magic the gathering card back 216x300 Trading Card and Role Playing GamesWhen you think of playing cards, most people would say Go Fish, or Solitaire; even Poker or Gin Rummy.  In 1993, a small company called Wizards of the Coast decided to gamble on a new idea:  A card game that played like a classic fantasy novel, complete with Orcs, Goblins and Elves, crossed with traditional strategy games like Chess and Checkers.

This game was called Magic: The Gathering, and the collectible card gaming industry was born – or should I say, born again?

The Surprising History of Collectible Card Games

The first actual collectible card game, or trading card game – CCG and TCG respectively – was conceived in 1904 in the form of a baseball card game.  Sold in packs, just like today’s versions, it never did much.

Enter MtG in 1993 and designer Richard Garfield.  These guys saw a hole to fill in the fantasy and board game market and took a chance, releasing a very limited run of Magic cards known as Alpha; closely followed by Beta edition and Unlimited.

The game caught on with a very loyal following and the wildfire quickly spread across the country.  Within just a few years, Magic was being played not only in localized tournaments throughout the country, but was beginning to gain attention all over the world.  The new genre of competitive and collectible card gaming and trading was here to stay.

How to Play Magic

The idea is very simple, and extremely easy for anyone to catch on to.  You have two players, or opponents, each with a deck of cards of their own choosing.  The cards are set up strategically to form combinations of plays, or moves, in order to reduce the other players “hit points” to zero.  Whoever gets to zero first, is the loser!

Magic specifically uses Land type cards, or “Mana,” to provide the power for other types of cards, including characters, machinery, artifacts, creatures, and even “legendary” class cards, that often are super powerful, but very expensive to play.  Cards in a deck or pack that you would buy in the store come in three rarity types – common, uncommon and rare.  Today, some TCG’s even have ultra rare “chase” cards that are so hard to find, people pay top dollar to get them.

Magic, given its first, very small print run in 1993, has a few “holy grail” cards, such as the Black Lotus and Time Walk, that command hundreds (if not thousands) of dollars in the trading market.  Why are they so expensive?  The 1993 release of Alpha and Beta editions only had 5000 production “rare” cards.  With millions of players, that’s not too many to share around.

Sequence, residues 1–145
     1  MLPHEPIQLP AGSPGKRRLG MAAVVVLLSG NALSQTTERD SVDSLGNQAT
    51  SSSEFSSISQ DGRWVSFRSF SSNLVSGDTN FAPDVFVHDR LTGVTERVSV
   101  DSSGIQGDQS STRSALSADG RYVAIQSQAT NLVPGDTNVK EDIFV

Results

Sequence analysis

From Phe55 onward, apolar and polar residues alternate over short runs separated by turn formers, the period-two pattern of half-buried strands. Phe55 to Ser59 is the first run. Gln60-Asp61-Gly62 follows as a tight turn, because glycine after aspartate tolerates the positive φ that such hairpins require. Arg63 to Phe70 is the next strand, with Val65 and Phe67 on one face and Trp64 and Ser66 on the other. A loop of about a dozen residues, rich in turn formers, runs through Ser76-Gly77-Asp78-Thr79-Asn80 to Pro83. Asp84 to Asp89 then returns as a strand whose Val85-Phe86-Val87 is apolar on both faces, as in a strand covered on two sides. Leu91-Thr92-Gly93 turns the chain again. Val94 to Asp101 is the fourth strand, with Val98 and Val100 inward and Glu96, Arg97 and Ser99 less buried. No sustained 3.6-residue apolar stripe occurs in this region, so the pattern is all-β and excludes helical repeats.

Popular Role Playing Card Games Today

yu gi oh 238x300 Trading Card and Role Playing GamesIn the late 1990’s and early 2000’s, other companies had the idea to launch their own TCG’s, after seeing the huge success of Wizards of the Coast.  Games like Pokemon, Yu- Gi- Oh and Dragonball Z quickly took the Asian markets by storm and moved just as quickly to the United States and beyond.

The principle of all of the games is the same – to use a deck of carefully chosen cards to win.  Today, there are still national and international tournaments for most of these card games, where the winners make as much money as some sports celebrities.

In some cases, you can even find these tournaments on TV, and now most of them have online versions as well, complete with the ability to buy packs, decks and individual cards that are just as collectible and rare as the ones you get at a store.

The basic idea of these card games is what is really amazing.  JRR Tolkein can really be credited with the first, broad creation of the characters that are still the basis for all Fantasy stories and games today.  Elves, Dwarves, Orcs, Goblins and Dragons, can all be found in some form or another in all of the TCG’s being sold.

The classic pen and paper RPG (role playing game) Dungeons and Dragons – now owned by Wizards of the Coast ironically – was created by Gary Gygax in the early 1970’s, and was founded on the exact same structure and ideas found in the trading card games we are playing now.  These games were designed as alternatives to Chess and Backgammon.  They teach strategy and thinking ahead, tactics and creative thought, and above all, how to learn from mistakes and to keep trying.

These basic concepts of learning are now a fun way to interact with friends and people from all over the world, and if you’re good enough, to make a living doing it.